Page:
Britain: Institutional racism within the mental health services (2)

In a previous article (click link to visit article), it was pointed out that black people seem to be getting a raw deal from the mental health services. Black people are more likely than white people to be admitted and detained within the mental health services. Significantly, the agencies pointing at the perceived injustices have not offered any explanations for the indifferent treatment of black people within the mental health services.

The system, as opposed to individual psychiatrists, was (according to research) to blame. I therefore, made an assumption that perhaps different socialisation and culture contributed to differences in the perception of aggressive, threatening or violent behaviour which led to the disproportionate representation of black people in the mental health service. It was also argued that the tools of measurement were based mainly in one culture and that did not always suit the minor population groups.

We need to explore the different questions around the institutional racism claims. It sounds rather suspicious that a far-reaching conclusion about the discriminatory perception of a service will be made merely on the over-representation of a population group without giving objective explanations.

Can we assume that black people are universally mistreated and white people are universally treated better within the mental health services?

In recent years two significant cases in which young people died (Baby P and the seven year old girl, Khyra) made the headlines. The parents were white and black, respectively, and in both cases the parents’ mental health status was indicated as one of the factors that contributed to the deaths of innocent children.

Indeed some people have blamed both the mental health and social services for the lack of supervision of the clearly needy parents. There were no proper interventions in place to monitor the mental health needs of parents and ensure the safety of the children.

It is significant that both sets of parents were from poor social and economic back ground. Do black people from all socioeconomic backgrounds receive poor treatment compared to white people from the poorest socioeconomic group? Can we assume that a privileged black person will receive worse attention compared to a working class white person?

We need to see how mental health service performs across all social groups in Britain, not only black people. Only when it has been ascertained how different socioeconomic groups are treated can we reliably argue that black people only are indeed treated unfairly.

Is it black people or all ethnic minorities suffering undue unfairness within the mental health service? If all minority ethnic groups are unfairly treated then we can put the blame on the service. However, if only black people are the victims what is the reason for their targeting and why those from the Caribbean?

Is it a coincidence that an ethnic group with less representation in the psychiatrists will be over-represented in the patient group?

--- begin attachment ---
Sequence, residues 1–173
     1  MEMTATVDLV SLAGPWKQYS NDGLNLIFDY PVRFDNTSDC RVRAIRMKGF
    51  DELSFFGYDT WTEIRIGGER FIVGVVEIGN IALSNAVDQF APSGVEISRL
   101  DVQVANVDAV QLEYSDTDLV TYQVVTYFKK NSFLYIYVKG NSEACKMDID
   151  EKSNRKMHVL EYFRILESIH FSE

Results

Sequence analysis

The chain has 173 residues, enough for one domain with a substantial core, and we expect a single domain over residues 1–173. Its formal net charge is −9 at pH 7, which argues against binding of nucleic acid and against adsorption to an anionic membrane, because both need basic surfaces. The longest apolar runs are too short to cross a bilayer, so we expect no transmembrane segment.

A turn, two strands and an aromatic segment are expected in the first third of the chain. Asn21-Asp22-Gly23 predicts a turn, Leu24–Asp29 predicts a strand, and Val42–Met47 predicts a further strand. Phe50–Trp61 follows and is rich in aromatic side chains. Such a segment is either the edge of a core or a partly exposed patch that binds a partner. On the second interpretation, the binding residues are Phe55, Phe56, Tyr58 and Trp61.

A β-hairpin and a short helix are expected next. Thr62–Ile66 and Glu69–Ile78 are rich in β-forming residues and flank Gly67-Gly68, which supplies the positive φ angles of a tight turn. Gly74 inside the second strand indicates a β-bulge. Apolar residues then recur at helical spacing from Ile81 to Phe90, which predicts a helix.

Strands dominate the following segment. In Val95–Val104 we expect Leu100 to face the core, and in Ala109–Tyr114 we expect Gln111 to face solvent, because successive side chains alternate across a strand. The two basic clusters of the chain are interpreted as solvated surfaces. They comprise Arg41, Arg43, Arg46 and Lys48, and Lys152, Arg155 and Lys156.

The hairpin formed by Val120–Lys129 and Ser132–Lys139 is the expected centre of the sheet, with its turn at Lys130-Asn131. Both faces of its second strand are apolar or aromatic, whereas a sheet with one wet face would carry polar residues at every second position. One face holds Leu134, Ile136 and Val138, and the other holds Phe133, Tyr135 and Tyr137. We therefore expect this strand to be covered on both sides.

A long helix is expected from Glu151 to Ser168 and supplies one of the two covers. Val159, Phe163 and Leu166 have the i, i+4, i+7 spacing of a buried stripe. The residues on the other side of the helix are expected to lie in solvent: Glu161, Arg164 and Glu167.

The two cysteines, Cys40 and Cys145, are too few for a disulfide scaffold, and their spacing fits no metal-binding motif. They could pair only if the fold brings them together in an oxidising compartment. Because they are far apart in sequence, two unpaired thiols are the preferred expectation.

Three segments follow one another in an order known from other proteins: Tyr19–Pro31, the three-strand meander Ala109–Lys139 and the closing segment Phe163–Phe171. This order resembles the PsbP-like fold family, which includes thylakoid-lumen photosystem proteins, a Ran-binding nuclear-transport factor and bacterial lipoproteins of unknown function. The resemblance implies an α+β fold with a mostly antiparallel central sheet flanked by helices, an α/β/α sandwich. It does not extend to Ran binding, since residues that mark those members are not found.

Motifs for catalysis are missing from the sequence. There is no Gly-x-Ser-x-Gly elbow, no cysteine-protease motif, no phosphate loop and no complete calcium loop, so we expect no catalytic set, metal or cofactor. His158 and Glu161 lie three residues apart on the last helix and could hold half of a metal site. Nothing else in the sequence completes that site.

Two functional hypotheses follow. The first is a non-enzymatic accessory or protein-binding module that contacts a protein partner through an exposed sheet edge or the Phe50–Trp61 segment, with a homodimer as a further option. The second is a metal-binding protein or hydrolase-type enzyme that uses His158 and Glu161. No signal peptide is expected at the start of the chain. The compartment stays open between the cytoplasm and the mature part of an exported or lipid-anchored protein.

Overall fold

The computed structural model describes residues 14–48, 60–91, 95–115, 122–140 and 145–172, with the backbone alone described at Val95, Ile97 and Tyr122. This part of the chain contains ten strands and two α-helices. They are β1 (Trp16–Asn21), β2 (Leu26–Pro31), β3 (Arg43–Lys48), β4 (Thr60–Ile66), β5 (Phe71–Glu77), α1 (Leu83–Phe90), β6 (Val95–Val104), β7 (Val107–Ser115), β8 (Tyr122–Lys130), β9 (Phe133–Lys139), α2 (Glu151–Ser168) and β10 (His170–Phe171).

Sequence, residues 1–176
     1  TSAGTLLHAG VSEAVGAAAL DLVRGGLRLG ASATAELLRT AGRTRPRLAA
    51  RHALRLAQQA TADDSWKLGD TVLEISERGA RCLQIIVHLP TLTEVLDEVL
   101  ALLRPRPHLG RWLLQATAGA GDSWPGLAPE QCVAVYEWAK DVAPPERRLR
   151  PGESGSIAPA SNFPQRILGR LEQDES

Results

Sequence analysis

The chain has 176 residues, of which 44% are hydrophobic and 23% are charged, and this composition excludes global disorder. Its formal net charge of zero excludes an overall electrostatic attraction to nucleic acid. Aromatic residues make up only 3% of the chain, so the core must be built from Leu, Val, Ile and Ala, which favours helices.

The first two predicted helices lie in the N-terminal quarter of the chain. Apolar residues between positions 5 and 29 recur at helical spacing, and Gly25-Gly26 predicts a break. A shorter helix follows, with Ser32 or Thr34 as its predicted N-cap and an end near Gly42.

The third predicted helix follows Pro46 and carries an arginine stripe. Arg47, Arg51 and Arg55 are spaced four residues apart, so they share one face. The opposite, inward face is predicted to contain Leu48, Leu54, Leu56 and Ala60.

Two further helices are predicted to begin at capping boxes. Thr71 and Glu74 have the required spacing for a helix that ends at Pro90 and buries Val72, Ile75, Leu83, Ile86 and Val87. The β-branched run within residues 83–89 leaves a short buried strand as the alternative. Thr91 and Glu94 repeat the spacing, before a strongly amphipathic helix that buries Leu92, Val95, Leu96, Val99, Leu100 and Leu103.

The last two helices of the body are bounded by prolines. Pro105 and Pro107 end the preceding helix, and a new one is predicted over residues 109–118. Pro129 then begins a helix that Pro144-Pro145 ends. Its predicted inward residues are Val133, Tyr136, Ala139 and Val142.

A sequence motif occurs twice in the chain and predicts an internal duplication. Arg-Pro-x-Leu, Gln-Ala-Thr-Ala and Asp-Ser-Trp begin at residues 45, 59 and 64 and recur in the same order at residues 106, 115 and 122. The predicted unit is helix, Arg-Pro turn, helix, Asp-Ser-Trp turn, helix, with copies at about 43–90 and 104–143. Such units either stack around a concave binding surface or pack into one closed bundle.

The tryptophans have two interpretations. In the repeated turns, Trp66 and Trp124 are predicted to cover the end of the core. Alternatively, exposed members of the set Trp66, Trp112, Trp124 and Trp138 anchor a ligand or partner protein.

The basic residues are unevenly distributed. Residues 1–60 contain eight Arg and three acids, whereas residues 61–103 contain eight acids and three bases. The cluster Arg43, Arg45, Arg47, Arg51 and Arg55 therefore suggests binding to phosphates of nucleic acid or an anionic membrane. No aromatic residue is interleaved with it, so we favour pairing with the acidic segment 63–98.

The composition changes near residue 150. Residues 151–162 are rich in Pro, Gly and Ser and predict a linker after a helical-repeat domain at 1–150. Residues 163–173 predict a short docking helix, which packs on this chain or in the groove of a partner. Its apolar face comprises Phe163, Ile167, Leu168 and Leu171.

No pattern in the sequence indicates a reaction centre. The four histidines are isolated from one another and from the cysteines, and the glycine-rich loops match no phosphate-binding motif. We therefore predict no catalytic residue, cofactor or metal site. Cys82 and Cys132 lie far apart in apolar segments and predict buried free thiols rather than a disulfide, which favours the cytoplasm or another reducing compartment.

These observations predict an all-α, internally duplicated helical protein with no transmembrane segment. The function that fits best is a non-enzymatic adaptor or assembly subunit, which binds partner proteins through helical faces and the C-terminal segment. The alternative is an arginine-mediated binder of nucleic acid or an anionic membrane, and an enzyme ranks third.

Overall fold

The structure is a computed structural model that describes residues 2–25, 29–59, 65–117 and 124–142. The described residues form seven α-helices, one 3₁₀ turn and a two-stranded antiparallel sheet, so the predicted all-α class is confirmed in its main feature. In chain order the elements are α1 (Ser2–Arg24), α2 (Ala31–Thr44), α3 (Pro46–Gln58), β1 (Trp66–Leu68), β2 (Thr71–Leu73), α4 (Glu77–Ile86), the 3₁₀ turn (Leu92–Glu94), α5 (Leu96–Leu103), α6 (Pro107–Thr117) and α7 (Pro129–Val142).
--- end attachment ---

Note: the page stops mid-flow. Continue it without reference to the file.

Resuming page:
BBC News (2007) reported findings of a research carried out by the Institute of Psychiatry in London to test if there was a racial bias in terms of doctors’ psychosis diagnoses in black people. Ethnicity details were removed and only symptoms presenting retained to be used by psychiatrists for assessment.

Psychosis was diagnosed nine times more often in black people from the Caribbean (BBC News, 2007). This figure was consistent with the rate of this group’s presence within the mental health services.

The findings of the research are quite significant in dealing with attitudes towards mental illness in black communities but caution needs to be advised as this is just one study when many more will be required.

The institutional racism as it stands now affects more blacks from the Caribbean than the rest of the racial group. One would hope that if only the system were racially faulty, the effect of the bias would be felt equally by all black people coming into contact with the mental health services.

On the other hand, if racist psychiatrists were working within an equally racially biased system there would be a higher chance that only a specific group would be affected yet the motive remains a myth! As has been noted earlier, there is no evidence that psychiatrists compromise their clinical judgement on racial grounds.


I do accept that there is a problem within the mental health services regarding the treatment of black people but I have doubts the problem of racism starts there. A look at the socioeconomic indicators of black people in Britain today will surely illustrate a higher level of deprivation within black communities. Black people are most likely to be unemployed, unskilled, living in single parent households, involved in drug dealing and abuse of cannabis. Arguably, these people are by virtue of their lifestyles more likely to be exposed to stressful situations and eventual mental breakdown. We have to look at removing the predisposing factors while improving the mental health services. I believe no amount of change within the mental health services will solve the current problem if black people are still unemployed, living in poor housing estates lacking in essential facilities such as good schools, GP services and community centres.


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